As the religiously unaffiliated rise, a new atheist podcast network launches in Los Angeles

A new podcast platform hopes to tap into a rapidly expanding audience of young, secular millennials.

Some of the programs available through the newly formed Atheists United Studios. Courtesy images

LOS ANGELES (RNS) — Revealing that you are an atheist can be a real conversation starter, but those conversations rarely go beyond the question of your beliefs, or lack thereof. A new podcast network for secularist thinkers, Atheists United Studios, attempts to show that there’s more to atheism than a simple denial of God’s existence.

Evan Clark, the executive director for the nonprofit Atheists United, which is spearheading the new network of podcasts, said the idea behind it is to shed light on the “experiences that come after you’ve become an atheist,” as opposed to focusing on theology or on debating theism. Atheists United Studios aims to serve as a hub for atheist and humanist podcast fans.

“We’re trying to talk about the ethical questions that you deal with in your day-to-day life, not simply whether a God exists or not,” said Clark.

The launch comes as recent surveys show an explosion of Americans who are religiously unaffiliated, rising to 29% of the U.S. population in 2021, up from 19% in 2011. Many of these are young people: Some 35% of younger millennials are unaffiliated.

RELATED: Poll: America growing more secular by the year

Commonly referred to as “nones” (for their “none of the above” reply to questions about their connections to faith communities), religiously unaffiliated people cover a wide range of beliefs, comprising atheists, agnostics, humanists and secularists. These groups have established several service and advocacy organizations to help coordinate their service to others and to speak as a single voice on social and political issues.

Now this sector is broadening its organizing into media, with the young, secular and largely untapped demographic as its key audience. Earlier this year, OnlySky Media launched to help guide an “exploration of a post-religious world.” Atheists United Studios launched Sept. 14.

The five-episode first season of “Nomadic Humanist,” the first original show produced in-house by Atheists United Studios, debuted its first episodes on the same day the network launched. The show will “explore how individuals without a single fixed home or community live out humanist values.” It’s hosted by Anya Overmann, who began living a nomadic lifestyle after the pandemic and runs her content marketing business from her traveling office. Overmann writes and speaks internationally about humanism.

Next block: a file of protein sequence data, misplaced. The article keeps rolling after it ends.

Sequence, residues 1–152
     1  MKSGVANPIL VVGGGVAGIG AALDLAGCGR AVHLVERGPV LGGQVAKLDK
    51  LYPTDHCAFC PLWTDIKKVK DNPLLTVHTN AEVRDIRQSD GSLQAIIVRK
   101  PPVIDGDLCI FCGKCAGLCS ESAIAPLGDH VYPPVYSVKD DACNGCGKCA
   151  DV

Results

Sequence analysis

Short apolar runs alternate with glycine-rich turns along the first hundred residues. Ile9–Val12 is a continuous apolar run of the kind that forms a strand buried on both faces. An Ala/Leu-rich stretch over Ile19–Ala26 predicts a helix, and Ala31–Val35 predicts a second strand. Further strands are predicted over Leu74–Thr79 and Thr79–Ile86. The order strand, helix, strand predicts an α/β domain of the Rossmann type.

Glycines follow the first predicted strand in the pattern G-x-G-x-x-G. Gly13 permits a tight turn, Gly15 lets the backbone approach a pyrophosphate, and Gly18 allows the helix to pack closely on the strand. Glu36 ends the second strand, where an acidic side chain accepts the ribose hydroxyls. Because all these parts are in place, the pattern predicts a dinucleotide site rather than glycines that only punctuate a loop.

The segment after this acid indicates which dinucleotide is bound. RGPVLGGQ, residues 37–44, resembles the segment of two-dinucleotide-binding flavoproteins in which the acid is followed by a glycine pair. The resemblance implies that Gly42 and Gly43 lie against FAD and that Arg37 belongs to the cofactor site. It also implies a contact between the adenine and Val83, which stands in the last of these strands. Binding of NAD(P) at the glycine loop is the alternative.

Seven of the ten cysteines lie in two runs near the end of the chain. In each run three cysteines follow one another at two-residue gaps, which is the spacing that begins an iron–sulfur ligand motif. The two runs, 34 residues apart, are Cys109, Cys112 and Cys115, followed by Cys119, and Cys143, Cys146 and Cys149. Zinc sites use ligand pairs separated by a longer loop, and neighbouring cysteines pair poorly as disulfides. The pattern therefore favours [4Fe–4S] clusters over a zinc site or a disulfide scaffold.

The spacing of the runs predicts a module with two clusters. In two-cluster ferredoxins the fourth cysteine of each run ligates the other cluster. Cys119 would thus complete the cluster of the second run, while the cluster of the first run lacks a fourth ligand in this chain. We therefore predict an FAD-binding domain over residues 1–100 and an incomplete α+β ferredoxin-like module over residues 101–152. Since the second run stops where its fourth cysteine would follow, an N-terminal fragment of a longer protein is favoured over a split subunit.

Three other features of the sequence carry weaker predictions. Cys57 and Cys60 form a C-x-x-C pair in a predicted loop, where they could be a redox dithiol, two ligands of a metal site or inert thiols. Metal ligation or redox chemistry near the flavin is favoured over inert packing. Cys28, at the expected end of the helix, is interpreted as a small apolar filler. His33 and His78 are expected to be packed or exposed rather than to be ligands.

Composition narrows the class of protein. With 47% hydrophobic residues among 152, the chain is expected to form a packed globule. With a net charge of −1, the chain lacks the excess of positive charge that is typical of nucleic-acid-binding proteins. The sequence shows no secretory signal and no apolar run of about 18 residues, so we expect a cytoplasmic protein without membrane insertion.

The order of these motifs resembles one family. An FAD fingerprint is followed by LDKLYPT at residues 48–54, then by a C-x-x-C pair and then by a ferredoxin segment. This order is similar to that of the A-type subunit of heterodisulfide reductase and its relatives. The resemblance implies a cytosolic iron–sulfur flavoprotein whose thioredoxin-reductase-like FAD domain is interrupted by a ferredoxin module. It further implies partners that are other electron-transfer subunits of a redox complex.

The network has also recruited two established shows, “Beyond Atheism,” hosted by Nathan Alexander and Todd Tavares, and “The Humanist Experience,” hosted by Evan Clark and Sérah Blain. These two will anchor the network while they produce new original content.

Serah Blain and Evan Clark operate Spectrum Experience, a communications firm representing nine openly humanist-atheist candidates running for office in Arizona. Photo courtesy of Jim Hesterman

Sérah Blain and Evan Clark host “The Humanist Experience.” Photo courtesy of Jim Hesterman

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The host of his own podcast, “Humanist Experience,” Clark, who founded the Secular Student Alliance at California Lutheran University, has been Atheists United’s executive director since 2019.

He sees the 40-year-old organization’s mission as building community for atheists. The group, headquartered in Los Angeles, has hosted a “recovering from religion” support group and an addiction recovery program that’s an alternative to Alcoholics Anonymous. It runs a monthly food bank and has taken stargazing trips to Death Valley. 

Atheists United boasts more than 5,000 people on its email lists, over 16,000 followers on Facebook and more than 8,000 on YouTube. They have chapters in San Luis Obispo, which is located in California’s Central Coast, and Santa Clarita, a city north of Los Angeles, and are recruiting in Orange County in Southern California and San Jose in the Bay Area. 

Clark has spent much of the last year building out the podcast platform as a home for the most prominent atheist podcasts. He has structured contracts for the network’s content creators, designed logos and crafted brands for each of the shows. 

“The goal of the network is to help these content creators, who would be producing great stuff on their own, be more successful because they’re working with others,” Clark said.

“We hope that we can leverage the talents and experience of the people who live here, and capitalize on the amazing speakers, storytellers and intellectuals that come through Los Angeles on a regular basis,” Clark added.

National reporter Yonat Shimron contributed to this report.

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